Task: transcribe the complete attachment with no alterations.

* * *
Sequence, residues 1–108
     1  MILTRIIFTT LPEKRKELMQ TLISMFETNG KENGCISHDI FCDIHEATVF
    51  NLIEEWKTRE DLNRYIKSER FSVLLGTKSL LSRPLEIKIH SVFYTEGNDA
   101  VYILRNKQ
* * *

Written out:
Sequence, residues 1–108
     1  MILTRIIFTT LPEKRKELMQ TLISMFETNG KENGCISHDI FCDIHEATVF
    51  NLIEEWKTRE DLNRYIKSER FSVLLGTKSL LSRPLEIKIH SVFYTEGNDA
   101  VYILRNKQ